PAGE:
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Flights to Safety

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  • Lieven Baele
  • Geert Bekaert
  • Koen Inghelbrecht
  • Min Wei

Abstract

Despite a large and growing theoretical literature on flights to safety, there does not appear to exist an empirical characterization of flight-to-safety (FTS) episodes. Using only data on bond and stock returns, we identify and characterize flight to safety episodes for 23 countries. On average, FTS days comprise less than 5% of the sample, and bond returns exceed equity returns by 2 to 3%. The majority of FTS events are country-specific not global. FTS episodes coincide with increases in the VIX, decreases in consumer sentiment indicators and appreciations of the Yen, Swiss franc, and US dollar. The financial, basic materials and industrial industries under-perform in FTS episodes, but the telecom industry outperforms. Money market instruments, corporate bonds, and commodity prices (with the exception of metals, including gold) face abnormal negative returns in FTS episodes. Liquidity deteriorates on FTS days both in the bond and equity markets. Both economic growth and inflation decline right after and up to a year following a FTS spell.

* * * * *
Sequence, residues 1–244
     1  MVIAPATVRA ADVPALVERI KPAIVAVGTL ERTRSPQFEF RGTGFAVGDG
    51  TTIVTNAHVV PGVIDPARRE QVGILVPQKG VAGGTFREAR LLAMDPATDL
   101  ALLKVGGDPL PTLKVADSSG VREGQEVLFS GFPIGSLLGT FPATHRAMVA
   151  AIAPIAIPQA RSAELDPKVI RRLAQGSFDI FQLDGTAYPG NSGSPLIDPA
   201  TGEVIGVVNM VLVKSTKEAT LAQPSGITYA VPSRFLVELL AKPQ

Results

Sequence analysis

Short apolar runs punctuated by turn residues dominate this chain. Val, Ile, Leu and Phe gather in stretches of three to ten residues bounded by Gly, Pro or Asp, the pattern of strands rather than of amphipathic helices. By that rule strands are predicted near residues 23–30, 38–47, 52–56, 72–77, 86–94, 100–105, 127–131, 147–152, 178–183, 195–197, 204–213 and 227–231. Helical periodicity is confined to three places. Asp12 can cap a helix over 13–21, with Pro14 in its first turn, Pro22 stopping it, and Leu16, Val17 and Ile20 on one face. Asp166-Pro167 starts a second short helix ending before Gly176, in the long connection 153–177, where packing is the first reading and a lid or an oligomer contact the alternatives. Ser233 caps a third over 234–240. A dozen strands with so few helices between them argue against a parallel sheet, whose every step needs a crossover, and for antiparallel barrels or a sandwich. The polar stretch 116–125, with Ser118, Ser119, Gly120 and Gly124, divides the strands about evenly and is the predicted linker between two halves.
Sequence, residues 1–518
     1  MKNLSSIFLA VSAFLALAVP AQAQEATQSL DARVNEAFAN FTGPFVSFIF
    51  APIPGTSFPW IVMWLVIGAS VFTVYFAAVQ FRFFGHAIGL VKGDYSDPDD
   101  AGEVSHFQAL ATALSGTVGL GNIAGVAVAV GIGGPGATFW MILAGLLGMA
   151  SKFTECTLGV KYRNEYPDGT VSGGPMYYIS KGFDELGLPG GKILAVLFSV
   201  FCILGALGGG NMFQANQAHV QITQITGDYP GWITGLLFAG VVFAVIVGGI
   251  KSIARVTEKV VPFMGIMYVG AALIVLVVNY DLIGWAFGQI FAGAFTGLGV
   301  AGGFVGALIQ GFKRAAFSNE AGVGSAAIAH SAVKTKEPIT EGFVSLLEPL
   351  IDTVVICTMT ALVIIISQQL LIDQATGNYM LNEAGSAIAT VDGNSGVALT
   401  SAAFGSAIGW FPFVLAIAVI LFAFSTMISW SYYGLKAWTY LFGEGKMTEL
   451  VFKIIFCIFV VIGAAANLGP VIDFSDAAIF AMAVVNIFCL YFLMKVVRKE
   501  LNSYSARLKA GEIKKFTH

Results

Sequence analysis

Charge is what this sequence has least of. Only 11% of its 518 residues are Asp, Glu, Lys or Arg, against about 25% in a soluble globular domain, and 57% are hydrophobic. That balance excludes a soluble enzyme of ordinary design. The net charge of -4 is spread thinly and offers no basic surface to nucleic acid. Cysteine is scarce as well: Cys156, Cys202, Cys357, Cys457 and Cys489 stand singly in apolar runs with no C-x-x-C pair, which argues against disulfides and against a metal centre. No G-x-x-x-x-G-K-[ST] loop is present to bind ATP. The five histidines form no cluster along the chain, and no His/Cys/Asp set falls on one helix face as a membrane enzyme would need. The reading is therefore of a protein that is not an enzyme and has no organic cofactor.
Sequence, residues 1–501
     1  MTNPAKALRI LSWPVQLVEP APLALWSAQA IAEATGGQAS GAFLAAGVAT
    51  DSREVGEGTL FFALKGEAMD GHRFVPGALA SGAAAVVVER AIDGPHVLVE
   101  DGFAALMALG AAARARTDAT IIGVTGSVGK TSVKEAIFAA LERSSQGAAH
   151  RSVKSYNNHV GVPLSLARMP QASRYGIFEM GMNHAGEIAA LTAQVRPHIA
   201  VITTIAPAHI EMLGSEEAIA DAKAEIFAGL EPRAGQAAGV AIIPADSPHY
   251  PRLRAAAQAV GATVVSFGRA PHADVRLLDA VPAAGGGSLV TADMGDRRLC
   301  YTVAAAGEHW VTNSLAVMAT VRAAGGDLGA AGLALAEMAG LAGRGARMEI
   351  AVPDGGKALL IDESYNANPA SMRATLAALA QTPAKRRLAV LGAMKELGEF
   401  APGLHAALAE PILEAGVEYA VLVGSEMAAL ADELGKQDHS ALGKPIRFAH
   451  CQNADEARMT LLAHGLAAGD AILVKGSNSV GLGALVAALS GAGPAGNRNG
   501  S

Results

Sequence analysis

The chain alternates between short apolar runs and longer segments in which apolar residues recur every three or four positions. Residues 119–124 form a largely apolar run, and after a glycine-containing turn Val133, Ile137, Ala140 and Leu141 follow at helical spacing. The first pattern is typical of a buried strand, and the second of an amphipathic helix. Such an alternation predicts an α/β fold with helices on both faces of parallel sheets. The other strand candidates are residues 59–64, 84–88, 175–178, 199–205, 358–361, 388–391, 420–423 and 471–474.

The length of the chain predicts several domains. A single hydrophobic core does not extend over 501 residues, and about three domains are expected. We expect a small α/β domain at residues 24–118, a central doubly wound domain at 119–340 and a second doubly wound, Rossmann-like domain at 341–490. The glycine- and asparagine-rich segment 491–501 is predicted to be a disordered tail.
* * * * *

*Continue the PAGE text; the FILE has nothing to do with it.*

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Paper provided by National Bureau of Economic Research, Inc in its series NBER Working Papers with number 19095.

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Date of creation: May 2013
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Handle: RePEc:nbr:nberwo:19095

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Cited by:
  1. Stracca, Livio, 2013. "The global effects of the euro debt crisis," Working Paper Series 1573, European Central Bank.
  2. Habib, Maurizio Michael & Stracca, Livio, 2013. "Foreign investors and risk shocks: seeking a safe haven or running for the exit?," Working Paper Series 1609, European Central Bank.
  3. Bijsterbosch, Martin & Guérin, Pierre, 2013. "Characterizing very high uncertainty episodes," Economics Letters, Elsevier, vol. 121(2), pages 239-243.

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